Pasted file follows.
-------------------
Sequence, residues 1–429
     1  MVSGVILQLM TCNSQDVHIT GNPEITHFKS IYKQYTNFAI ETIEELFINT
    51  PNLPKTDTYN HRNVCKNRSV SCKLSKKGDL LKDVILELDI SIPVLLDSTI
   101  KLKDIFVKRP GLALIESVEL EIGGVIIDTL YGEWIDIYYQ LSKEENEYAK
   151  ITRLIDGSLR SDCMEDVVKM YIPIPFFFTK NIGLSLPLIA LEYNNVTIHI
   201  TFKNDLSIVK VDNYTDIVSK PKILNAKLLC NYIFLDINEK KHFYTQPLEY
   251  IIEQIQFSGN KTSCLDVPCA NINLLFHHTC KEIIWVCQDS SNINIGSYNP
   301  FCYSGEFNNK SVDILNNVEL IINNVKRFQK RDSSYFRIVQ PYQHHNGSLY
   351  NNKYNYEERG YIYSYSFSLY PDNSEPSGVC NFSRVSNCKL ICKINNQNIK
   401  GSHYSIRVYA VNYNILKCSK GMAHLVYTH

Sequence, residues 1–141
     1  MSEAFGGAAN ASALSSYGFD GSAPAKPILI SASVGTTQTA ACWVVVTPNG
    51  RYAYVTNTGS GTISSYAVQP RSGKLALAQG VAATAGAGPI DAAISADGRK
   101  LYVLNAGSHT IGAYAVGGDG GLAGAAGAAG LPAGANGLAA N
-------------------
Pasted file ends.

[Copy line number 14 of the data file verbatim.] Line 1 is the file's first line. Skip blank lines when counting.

   101  LYVLNAGSHT IGAYAVGGDG GLAGAAGAAG LPAGANGLAA N